Designing a Transition Sequence for the Liberal Arts

This summer, I began my job as a lecturer in UVA’s College of Arts & Sciences and Assistant Director of the University’s Transition Program, which helps students who are primarily from underrepresented groups adapt to college. The job has been a major transition for me, too, as I’ve shifted from my typical teaching in English, which has involved literature and composition classes, to classes under the designation of LASE, or “Liberal Arts Seminar.” These classes share three primarily goals: to introduce students to academic skills that will benefit them throughout college, from classroom demeanor and participation to appropriate ways to address Professors in emails; to help students develop and achieve academic and career goals; and to introduce students to the liberal arts, particularly the critical-thinking emphasis of the liberal arts.

In the summer, my co-teachers and I focused the LASE curriculum on a single problem: “when, if ever, is it OK to break the law?” In LASE 2110, our pre-matriculated first-years read difficult texts by figures such as Plato, Martin Luther King, Jr., and Henry David Thoreau and applied their ideas to contemporary situations of civil disobedience. Throughout the class and in their final papers, students explored a variety of complex situations, from the seemingly trivial outrage of the Jefferson Memorial Dancers and many topless protestors, to the anti-TSA rage of John Tyner, to Kenza Drider’s resistance to the French ban on face coverings, to the relationship between social media and the Egyptian revolution, to Jose Antonio Vargas’s “outing” himself as an illegal immigrant, among others. The course had many goals, from giving students a first opportunity to revise a significant paper on a topic of their choosing, to easing them into the college classroom, to emphasizing the management of multiple competing perspectives that solid critical thinking requires.

This fall, our focus of LASE 3110 moves from general “Critical Reading, Writing, and Reasoning” to “Analysis and Research.” While students will have the opportunity to write on a research topic of their choosing, the readings and examples I’ve chosen for the course center on the University of Virginia itself. We’ve started the semester by turning a skeptical eye toward sources of information related to the most recent (and probably significant) research project these students have undertaken, the college admissions process. By considering and evaluating the information students have used to make their decision, from the students’ campus visits and conversations with students, deans, alumni, coaches, and parents, to the University’s web page, to its viewbook, to the U.S. News Rankings, to the Fiske Guide to Colleges, to wikipedia and other encyclopedias, I’ve tried to emphasize to students that information is subject to significant mediation. The college viewbook is an informational tool, but it is also a marketing construct. After our focus on secondary sources, we’ll move on to a consideration of primary sources as we consider questions about the University’s past using artifacts from special collections. In the second half of the course, students will perform a significant research project of their choosing as a complement to their first-year writing classes.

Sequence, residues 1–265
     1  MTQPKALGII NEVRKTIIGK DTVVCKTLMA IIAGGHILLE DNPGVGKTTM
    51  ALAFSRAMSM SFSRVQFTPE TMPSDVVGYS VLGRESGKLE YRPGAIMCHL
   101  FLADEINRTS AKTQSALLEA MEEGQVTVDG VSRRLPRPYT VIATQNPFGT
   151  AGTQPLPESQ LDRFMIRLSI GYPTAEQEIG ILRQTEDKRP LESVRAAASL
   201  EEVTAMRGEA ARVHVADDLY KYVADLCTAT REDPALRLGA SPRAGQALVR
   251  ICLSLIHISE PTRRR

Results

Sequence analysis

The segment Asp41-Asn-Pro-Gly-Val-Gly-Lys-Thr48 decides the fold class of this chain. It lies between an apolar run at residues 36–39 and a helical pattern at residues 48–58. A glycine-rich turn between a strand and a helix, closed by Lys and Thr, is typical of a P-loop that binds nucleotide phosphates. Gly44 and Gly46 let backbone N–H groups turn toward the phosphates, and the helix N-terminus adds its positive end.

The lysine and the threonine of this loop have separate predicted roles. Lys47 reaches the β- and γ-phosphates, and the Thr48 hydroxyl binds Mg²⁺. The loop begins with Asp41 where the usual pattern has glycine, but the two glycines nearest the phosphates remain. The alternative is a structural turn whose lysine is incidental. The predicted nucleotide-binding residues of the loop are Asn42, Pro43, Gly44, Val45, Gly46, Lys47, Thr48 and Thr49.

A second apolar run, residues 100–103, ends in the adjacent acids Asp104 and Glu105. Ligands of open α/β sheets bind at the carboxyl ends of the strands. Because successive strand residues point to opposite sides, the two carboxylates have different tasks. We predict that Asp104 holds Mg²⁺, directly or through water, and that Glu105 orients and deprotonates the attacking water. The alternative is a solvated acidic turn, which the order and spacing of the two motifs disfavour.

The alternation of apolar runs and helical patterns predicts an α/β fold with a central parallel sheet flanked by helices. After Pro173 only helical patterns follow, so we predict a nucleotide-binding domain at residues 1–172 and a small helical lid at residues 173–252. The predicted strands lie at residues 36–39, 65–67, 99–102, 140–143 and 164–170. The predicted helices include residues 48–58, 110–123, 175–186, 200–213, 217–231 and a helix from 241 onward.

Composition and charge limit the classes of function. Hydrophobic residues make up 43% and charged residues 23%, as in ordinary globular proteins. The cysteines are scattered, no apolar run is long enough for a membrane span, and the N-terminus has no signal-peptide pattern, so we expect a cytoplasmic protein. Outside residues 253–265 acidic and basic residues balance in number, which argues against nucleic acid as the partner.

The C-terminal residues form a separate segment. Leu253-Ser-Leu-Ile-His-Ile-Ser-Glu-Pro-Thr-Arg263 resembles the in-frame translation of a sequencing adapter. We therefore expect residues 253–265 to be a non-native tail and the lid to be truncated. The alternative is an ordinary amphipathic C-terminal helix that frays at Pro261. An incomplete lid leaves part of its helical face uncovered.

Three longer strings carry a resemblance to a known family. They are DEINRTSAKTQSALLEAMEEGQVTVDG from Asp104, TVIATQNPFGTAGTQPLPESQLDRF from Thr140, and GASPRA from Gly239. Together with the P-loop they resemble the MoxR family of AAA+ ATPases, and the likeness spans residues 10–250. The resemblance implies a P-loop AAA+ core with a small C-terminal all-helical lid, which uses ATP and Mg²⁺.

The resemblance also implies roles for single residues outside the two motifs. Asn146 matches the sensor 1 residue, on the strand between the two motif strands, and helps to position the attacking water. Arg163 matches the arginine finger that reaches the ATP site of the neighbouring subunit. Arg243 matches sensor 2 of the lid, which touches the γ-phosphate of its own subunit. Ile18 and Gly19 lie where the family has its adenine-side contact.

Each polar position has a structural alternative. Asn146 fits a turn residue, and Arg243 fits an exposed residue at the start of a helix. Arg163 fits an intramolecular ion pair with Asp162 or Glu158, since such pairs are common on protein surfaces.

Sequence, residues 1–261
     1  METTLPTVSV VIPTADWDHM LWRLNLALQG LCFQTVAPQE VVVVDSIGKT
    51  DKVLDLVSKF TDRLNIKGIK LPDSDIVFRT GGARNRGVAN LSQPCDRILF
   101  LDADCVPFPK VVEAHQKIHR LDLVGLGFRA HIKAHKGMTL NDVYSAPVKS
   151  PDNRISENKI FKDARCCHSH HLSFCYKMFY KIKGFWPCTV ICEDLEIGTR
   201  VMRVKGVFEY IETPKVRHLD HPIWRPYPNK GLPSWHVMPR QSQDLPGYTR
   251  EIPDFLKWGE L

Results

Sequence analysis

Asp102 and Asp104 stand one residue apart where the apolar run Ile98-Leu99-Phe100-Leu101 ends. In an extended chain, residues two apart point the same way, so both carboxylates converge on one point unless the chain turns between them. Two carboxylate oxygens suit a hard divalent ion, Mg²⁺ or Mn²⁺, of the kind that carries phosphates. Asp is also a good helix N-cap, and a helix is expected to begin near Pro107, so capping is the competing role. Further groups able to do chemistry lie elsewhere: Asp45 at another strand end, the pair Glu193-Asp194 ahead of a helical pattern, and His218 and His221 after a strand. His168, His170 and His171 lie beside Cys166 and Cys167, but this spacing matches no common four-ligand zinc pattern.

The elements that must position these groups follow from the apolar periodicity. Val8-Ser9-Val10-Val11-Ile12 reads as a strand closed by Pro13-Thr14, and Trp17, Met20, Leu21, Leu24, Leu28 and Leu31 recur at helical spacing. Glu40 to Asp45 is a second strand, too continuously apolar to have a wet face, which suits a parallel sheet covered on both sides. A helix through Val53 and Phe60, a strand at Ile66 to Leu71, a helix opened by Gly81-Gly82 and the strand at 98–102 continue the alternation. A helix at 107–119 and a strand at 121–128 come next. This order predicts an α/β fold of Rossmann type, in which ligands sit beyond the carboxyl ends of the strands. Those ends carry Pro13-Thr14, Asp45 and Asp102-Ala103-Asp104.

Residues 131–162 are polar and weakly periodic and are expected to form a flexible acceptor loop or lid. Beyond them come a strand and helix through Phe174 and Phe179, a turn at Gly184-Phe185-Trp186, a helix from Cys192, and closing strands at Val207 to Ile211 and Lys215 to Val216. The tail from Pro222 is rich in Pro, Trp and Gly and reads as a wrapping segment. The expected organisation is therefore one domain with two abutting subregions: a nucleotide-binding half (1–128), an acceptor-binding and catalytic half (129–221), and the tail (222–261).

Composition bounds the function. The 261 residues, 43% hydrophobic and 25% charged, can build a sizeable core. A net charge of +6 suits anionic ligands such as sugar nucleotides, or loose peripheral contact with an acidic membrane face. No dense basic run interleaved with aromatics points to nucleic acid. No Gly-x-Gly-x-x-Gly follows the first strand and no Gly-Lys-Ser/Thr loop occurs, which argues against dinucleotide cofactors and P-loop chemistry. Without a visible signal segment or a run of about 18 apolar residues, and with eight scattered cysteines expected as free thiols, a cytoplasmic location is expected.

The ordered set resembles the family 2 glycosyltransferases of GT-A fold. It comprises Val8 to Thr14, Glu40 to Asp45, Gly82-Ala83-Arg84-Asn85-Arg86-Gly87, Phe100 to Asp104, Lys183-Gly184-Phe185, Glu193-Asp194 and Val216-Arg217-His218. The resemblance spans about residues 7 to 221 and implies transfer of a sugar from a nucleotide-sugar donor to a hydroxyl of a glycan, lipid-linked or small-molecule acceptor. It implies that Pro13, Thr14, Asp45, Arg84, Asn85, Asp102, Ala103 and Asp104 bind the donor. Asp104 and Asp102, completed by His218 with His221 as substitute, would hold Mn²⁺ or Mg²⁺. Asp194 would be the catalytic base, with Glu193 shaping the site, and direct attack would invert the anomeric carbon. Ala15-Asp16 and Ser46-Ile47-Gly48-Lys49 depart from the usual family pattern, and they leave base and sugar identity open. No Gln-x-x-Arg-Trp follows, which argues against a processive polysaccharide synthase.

As transition students in the Spring term formulate a plan for their college educations and attempt to decide on majors, we’ll together explore the (currently hotly debated) question of “What’s the point of college?” As I ask students to wade through the national (and perennial?) debate on this issue, I’ll help them decide on their own personalized answer.

Teaching this sequence at this point in my career has already been a necessarily reflective experience: reading and teaching debates on the purpose of the liberal arts has made me want to more explicitly define what I think the goals of liberal arts teaching in the humanities (and by proxy the goals of the course sequence) are. So far, I’ve tried to instill in my students values I’ve also promoted in my literature and writing classes: the contingency of knowledge; the changeability of present circumstances; skepticism toward accepted truths; the importance of questions and processes, and not just answers; the importance of understanding (but not always agreeing with) alternative points of view; and the relationship between conceptual ideas and the world they help form. I’ve begun to think that if Universities began to do a better job of formulating more specific goals for students than the vague catchall “critical thinking,” debates about the value of the liberal arts and the humanities would begin to get clearer for the public. And as I teach these courses this year, and these or similar ones in the future, I hope that be more specific with my students about what I hope they get from their liberal arts educations.